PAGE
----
The Witcher would excel as an episodic genre tv show, in the vein of Hercules or Xena. Instead, it’s shoehorned into the form of ‘prestige tv’, which sabotages the show’s ambition.
I’m a huge fan of The Witcher 3, so I was so happy when the Nextlix Witcher show was announced. It was the first time I anticipated a Netflix show.
Overall, I don’t think it’s a good show. However, I personally like it more than I would have if I had no exposure to The Witcher universe. But for my criticism of the show, I will avoid alluding to the games, because it’s not the adaptation of the content I have an issue with, but the form the content was adapted into.
My biggest criticism of the show is the format is in heavy conflict with the content. The media sabotages the message.
The Witcher seems like it was begging to be like the sword-and-sorcery / sword-and-sandal influenced shows, like Hercules and Xena. It wanted to be more episodic than the format allowed. It wanted to tell a contained story every episode. The show excelled when it stuck to the “Geralt takes monster contract, then learns something about society” formula.
This is the classic genre tv show format, pioneered by Star Trek, Twilight Zone etc. Our protagonists encounter a bizarre situation. They either fight the bizarre situation, or face some type of ethical quandary and make a choice, or something else. Our protagonists end up taking away some sort of allegorical lesson from this.
In other words: the monster-of-the-week format.
These shows have 23-45 minute episodes. They have 24 episode seasons.
The Witcher has all of this. Every episode has an element of the “monster of the week” format. This is likely a positive side-effect of the fact that the first two Witcher books are compilations of short stories in that universe.
But instead of having 45 max. minute episodes, it has hour long episodes. Instead of 24 episodes per season, it has eight.
This format (short season, long episodes) is a classic signifier of the “prestige” tv format. This format depends heavily on serialization – the opposite of what makes a traditional genre fiction show.
Undoubtedly, The Witcher was conceived when a Netflix executive said “damn, that Game of Thrones show was really popular and it’s over now. Find me another fantasy novel that we can make into our own Game of Thrones.”
And yet, the things in The Witcher that are most like Game of Thrones are the worst things about it.
A hallmark of Game of Thrones is multiple characters, or sets of characters, engaging with the same world at the same time. Sometimes their paths cross, but it’s functionally 6-12 short stories that overlap sometimes, told in bite-sized story chunks, spread across multiple tv seasons.
Another hallmark is that Game of Thrones could easily be strung together into one massively long movie, and you probably couldn’t notice when one episode began and when one ended.
Both of these things are present in The Witcher, as a consequence of its format, but they’re both deeply in conflict with what the show actually wants to be.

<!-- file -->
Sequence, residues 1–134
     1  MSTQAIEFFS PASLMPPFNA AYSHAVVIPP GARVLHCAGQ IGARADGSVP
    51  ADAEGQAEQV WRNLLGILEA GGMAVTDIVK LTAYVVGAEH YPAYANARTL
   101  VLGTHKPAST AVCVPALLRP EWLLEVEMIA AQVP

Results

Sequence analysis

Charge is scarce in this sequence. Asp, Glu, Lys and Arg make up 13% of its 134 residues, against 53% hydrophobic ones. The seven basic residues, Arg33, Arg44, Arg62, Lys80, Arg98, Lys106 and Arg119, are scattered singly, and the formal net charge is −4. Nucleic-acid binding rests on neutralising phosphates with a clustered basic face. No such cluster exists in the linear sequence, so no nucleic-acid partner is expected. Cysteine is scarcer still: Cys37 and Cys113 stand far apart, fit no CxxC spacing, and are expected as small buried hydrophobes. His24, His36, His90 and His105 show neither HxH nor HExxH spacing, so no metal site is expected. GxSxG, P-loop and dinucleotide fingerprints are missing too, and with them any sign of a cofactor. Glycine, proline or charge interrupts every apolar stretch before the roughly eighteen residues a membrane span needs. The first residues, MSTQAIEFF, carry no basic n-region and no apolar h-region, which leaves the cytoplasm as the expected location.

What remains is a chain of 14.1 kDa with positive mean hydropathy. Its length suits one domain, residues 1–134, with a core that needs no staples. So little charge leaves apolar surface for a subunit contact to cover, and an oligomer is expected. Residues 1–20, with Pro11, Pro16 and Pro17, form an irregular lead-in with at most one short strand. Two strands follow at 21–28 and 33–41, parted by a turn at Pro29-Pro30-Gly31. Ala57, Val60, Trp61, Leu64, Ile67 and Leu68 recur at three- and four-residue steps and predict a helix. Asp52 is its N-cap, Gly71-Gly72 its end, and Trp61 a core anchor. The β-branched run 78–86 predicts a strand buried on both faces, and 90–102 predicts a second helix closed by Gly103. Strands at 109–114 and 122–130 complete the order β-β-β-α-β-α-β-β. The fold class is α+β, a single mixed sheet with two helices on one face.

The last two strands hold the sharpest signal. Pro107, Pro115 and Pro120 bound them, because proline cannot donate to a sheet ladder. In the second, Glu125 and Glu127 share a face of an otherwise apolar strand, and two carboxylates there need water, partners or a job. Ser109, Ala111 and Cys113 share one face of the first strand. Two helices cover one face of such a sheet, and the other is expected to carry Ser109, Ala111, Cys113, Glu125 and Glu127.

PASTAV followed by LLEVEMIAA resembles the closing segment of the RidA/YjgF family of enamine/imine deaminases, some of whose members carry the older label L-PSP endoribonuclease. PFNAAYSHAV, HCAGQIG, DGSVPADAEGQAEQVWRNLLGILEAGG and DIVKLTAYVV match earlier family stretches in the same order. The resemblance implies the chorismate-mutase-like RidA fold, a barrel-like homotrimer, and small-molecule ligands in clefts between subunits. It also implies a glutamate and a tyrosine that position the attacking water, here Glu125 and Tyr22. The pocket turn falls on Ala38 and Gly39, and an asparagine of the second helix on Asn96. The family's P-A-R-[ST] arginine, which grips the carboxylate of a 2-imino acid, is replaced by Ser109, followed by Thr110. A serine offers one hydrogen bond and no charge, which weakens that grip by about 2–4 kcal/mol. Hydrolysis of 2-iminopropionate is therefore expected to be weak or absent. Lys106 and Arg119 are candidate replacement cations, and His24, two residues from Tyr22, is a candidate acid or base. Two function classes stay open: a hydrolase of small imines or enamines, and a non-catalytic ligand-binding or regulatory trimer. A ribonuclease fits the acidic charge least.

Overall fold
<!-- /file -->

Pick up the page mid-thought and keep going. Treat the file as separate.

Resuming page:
The Witcher has three main characters, but two of them only meet at the end of the last episode, and one of them never meets the third main character.
That works on Game of Thrones, but it doesn’t work on a more conventional, episodic genre tv.
Another thing that Game of Thrones does, that falls flat in The Witcher, is the superfluous use of dozens of characters and references to places and objects that exist in that world.
For the type of stories that The Witcher is telling, we don’t need to know town and dominion names if we will never go there. Besides that, the setting doesn’t play much role in the show. In Game of Thrones, people are moving to and fro to different locations in the world. In The Witcher, this happens off-screen: most episodes start with most characters arriving, or just arrived in a new location.
In short, The Witcher excels in all the ways that it’s not like Game of Thrones. The premise of the show depends on small-scale, localized conflicts, mostly existential or interpersonal conflicts. The Witcher universe includes broader, socio-political conflicts – but those aren’t the source of the narrative, they’re context for existential and interpersonal conflicts to play out.
The way I interpret most Witcher storylines is a replication of the story of Agamemnon, and Kierkegaard’s parable about Agamemnon (and stories like it). In the story, Agamemnon kills his daughter so that the Greeks could win the Trojan War. This makes Agamemnon a tragic hero, because he acted fully in line with ethical principles, but when people act in accordance to ethics, they will inevitably do the wrong thing.
Or, to use the rhetoric of the show: Agamemnon had to choose between the lesser of two evils, which is something that all people who live ethically must do.
The show is premised on Geralt attempting to refuse to make a choice (which Kierkegaard would characterize as living an “aesthetic” life rather than an “ethical” life). The conflict lies between Geralt wanting to live an aesthetic life – he wants to remain individualistic and myopic, humbly working for money, and yet feeling obligated to act ethically when the opportunity arises.
The show excels when it dwells in this space. And if the episodes were shorter, and the season longer, they could dwell more firmly in this space. Instead, the show that The Witcher wants to be is constantly contradicting the Game of Thrones knock-off that Netflix wants it to be.